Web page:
And holding my wife’s hand.

And enduring many toils at work, helping my colleagues push forward.

And texting with my daughter, struggling through a tough miscarriage. 

These are all examples of why I fight, endure, and search for meaning that makes dealing with pain, fear, and frustration obstacles something I just have to do.


Ottawamarc1234's picture
Posts: 148
Joined: Feb 2018

Cant sleep at night. Picc Line Itches..Wax buildup in ear...stiff neck. Did one week chemo...Radiation 5 days a week. Anal HPV tumour right butt cheek. Weird pain and never ending pooing problems....

Kazenmax's picture
Posts: 453
Joined: Feb 2016

Adapting to change is tough. 

I get very frustrated with the side effects of cancer treatment. It's been 2 years since my diagnosis and I still have no not adjusted. I'm still in "get through" mode. 

One thing I have learned though. I want to be here. I don't want to die. I'm not afraid to die, I just don't wanna! I want to be here to see all the changes that come. 

I get so tired of it all but I keep on. I hope you can too.


ron50's picture
Posts: 1729
Joined: Nov 2001

     One was that it if life didn't live up to your expectations, change your expectations. I've found that I've had to live by that rule. Pretty well every day when I wake up alive I have to change my expectations. Can I do what I used to do ??? NO WAY.  It has been twenty years since my cancer was removed. I was dxed at 48 , in two days I turn 68. I am still working four days a week{because I can) , I can still get around under my own steam but only just. I still drive but I need a medical certificate to  do it. I still breathe but there is a machine on my bedside table that helps with that. I live alone because I would not expect anyone to share my existence . After 20 years I still get prodded and poked for cancer... they removed 4 tubular adenoms last scope. I take dreadful drugs still, i need cyclosporine twice a day and warfarin every day to keep going. I have four serious auto immune problems but they have no Idea of the cause. Everytime I have to go into hospital I suspect I won't come out. I can't find anyone with a magic wand so I suck it up and do what I have to do to get by in my normal everchangig life. I guess if I cant live the life I want i'll just live the one I've got , Hugs to all. Ron.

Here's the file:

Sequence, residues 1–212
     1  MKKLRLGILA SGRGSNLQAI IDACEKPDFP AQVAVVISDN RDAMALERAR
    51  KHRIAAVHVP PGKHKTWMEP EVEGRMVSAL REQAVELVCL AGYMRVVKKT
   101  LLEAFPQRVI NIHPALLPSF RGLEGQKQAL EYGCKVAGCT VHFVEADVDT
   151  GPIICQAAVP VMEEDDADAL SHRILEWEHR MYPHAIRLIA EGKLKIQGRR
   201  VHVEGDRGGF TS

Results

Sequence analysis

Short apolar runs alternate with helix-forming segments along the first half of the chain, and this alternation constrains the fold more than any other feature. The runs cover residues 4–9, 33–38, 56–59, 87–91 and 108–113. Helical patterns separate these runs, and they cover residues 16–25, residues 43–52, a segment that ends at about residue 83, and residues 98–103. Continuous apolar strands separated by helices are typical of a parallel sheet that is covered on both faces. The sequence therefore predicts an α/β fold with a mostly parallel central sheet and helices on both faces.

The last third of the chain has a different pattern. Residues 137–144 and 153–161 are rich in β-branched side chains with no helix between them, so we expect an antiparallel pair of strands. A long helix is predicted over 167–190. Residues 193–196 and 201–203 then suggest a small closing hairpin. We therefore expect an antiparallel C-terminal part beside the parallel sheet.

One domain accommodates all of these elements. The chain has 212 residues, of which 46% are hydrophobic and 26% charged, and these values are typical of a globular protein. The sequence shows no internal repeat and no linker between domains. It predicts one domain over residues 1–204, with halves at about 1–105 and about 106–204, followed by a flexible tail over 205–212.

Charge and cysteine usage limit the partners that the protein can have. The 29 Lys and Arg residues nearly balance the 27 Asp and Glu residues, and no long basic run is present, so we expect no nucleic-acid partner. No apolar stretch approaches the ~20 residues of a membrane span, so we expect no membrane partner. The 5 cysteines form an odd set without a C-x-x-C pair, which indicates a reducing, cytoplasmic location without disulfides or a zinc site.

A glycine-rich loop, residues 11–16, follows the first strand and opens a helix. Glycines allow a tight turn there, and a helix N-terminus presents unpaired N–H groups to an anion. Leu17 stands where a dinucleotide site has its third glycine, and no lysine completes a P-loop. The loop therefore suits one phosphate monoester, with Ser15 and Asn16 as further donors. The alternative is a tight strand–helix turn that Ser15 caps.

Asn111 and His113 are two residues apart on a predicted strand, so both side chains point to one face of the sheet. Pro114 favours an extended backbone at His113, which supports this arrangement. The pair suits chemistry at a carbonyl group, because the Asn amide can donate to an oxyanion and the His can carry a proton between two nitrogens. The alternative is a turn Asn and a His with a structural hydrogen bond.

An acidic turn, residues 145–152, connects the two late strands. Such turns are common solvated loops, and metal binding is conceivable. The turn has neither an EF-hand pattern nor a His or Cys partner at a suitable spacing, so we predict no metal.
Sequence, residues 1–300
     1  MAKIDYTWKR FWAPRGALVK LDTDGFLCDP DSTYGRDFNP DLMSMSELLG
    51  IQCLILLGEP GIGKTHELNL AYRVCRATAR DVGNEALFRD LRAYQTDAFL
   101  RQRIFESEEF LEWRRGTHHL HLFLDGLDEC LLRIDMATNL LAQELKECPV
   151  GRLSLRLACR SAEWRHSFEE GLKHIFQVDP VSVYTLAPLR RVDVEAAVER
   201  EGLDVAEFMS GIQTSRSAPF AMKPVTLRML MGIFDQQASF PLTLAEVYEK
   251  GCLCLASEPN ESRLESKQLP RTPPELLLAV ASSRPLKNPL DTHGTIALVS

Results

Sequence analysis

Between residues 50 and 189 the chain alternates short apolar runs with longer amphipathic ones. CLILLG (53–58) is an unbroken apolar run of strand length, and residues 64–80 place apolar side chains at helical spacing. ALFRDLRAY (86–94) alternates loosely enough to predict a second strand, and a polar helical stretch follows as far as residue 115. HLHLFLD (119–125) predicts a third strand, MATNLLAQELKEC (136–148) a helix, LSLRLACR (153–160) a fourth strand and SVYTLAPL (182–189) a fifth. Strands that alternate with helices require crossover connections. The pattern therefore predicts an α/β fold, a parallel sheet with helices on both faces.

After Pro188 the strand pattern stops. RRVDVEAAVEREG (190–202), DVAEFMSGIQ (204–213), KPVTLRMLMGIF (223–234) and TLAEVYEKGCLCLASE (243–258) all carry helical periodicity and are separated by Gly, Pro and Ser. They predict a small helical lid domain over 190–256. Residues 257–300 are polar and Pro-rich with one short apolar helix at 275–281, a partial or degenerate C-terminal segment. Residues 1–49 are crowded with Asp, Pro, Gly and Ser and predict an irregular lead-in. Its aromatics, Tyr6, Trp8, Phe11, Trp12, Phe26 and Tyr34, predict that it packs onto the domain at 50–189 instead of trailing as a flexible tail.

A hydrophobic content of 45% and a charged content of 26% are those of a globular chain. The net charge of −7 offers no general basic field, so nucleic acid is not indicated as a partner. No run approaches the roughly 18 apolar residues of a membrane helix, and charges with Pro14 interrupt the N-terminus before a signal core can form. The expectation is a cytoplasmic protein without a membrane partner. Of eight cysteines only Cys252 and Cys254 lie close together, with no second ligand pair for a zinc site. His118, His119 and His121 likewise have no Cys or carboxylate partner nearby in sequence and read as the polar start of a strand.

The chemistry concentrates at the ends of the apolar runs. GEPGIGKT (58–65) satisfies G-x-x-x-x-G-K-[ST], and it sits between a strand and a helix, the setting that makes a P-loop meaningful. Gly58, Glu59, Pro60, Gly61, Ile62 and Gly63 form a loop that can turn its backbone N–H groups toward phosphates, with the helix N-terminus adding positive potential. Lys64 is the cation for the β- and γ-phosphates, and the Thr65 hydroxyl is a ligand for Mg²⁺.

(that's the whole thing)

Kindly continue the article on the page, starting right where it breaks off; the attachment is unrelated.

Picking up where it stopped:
Posts: 37
Joined: Sep 2017

I totally feel you..i am year and a half into lifetime chemo and if it wasnt for the motivation of seeing my 2 year old girl every morning before i goto work, i would have already found a nice place to go and die it out. Cancer has made me go out and do everything, people, god etc that i  used to take for granted. Even with crohns slamming me for 20 years while still trying to work a full time job, i didnt get the hint and lived my life the way I wanted. Now I live for others and it feels much more of a purpose. Im 40 now and if i lived in any different era, in any other country, I would have not been gave a second chance and would have died with that colon blockage. Ill make the best out of what god has gave me until my third chance:) Take care everyone.

BRHMichigan's picture
Posts: 368
Joined: Jul 2017

I wanted to write the same thing today about how tired I am of this disease. I'm so inspired by all the comments. I also find inspiration in my family. Let's all keep defying the odds. And just enjoy every day. My doc reminded me today that every day you feel good is a gift. So very true. 

Annabelle41415's picture
Posts: 6715
Joined: Feb 2009

Like Ron who has been here forever has written so much passion about dealing with all of this for so long, we all feel drained.  I've been 9 years and although not going through treatment everyday, I'm dealing with side effects just from the treatment.  It's humiliated me when I've had accidents, it's kept me from family functions, it's kept me from a sex life, it's taken away my dignity and I'm still able to wake up and thank God that I'm still here to see my husband another day and my kids and grandkids.  It's down right not fair. I'm hoping that you get some good days ahead.  It's hard though.  Praying for you.


darcher's picture
Posts: 304
Joined: Jun 2017

  Even though my condition isn't as bad and I'm not even a year since diagnosis and within a few weeks of ending the final treatment, I've said that same thing over and over.   I'm sick of being sick.  Everyone has so we're all in the same boat. Knowing someone who's had it and beat it is probably the best medicine.  Hey, that's me! Just be sure to follow the doctors advice.